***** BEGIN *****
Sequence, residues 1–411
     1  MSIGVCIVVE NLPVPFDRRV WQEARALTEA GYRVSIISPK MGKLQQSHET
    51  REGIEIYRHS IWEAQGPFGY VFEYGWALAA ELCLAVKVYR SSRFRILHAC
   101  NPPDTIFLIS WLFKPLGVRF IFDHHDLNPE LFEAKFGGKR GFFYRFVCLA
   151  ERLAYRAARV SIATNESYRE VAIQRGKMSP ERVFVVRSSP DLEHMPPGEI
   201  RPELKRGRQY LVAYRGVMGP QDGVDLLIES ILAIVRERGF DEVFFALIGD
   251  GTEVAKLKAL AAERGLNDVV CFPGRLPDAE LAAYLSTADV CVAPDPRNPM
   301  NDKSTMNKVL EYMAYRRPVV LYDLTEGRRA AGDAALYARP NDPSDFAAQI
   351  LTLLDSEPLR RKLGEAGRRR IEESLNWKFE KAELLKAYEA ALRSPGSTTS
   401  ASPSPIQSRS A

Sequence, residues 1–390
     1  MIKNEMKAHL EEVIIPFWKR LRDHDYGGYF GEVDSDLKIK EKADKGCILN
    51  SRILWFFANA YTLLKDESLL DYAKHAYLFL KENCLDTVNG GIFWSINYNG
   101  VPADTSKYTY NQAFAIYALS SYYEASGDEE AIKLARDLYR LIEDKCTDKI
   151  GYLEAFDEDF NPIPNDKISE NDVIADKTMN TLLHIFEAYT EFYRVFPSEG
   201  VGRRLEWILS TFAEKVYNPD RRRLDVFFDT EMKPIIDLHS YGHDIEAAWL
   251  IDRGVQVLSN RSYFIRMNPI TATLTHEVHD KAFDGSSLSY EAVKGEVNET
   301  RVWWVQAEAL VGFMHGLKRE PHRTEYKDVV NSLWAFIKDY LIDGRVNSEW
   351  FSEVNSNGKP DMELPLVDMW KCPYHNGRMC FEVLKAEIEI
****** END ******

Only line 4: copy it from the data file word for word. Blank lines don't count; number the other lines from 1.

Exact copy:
   101  NPPDTIFLIS WLFKPLGVRF IFDHHDLNPE LFEAKFGGKR GFFYRFVCLA